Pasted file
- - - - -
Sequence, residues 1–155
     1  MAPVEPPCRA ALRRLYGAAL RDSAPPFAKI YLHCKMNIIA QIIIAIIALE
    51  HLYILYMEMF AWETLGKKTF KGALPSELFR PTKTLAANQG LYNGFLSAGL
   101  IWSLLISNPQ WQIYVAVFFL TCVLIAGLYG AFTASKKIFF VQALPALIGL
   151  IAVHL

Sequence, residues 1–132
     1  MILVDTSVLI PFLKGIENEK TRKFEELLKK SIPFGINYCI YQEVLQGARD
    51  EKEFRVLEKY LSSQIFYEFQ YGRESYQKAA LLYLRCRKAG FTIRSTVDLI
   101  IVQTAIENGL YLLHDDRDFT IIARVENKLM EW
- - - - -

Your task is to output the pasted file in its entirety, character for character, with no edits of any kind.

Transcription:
Sequence, residues 1–155
     1  MAPVEPPCRA ALRRLYGAAL RDSAPPFAKI YLHCKMNIIA QIIIAIIALE
    51  HLYILYMEMF AWETLGKKTF KGALPSELFR PTKTLAANQG LYNGFLSAGL
   101  IWSLLISNPQ WQIYVAVFFL TCVLIAGLYG AFTASKKIFF VQALPALIGL
   151  IAVHL

Sequence, residues 1–132
     1  MILVDTSVLI PFLKGIENEK TRKFEELLKK SIPFGINYCI YQEVLQGARD
    51  EKEFRVLEKY LSSQIFYEFQ YGRESYQKAA LLYLRCRKAG FTIRSTVDLI
   101  IVQTAIENGL YLLHDDRDFT IIARVENKLM EW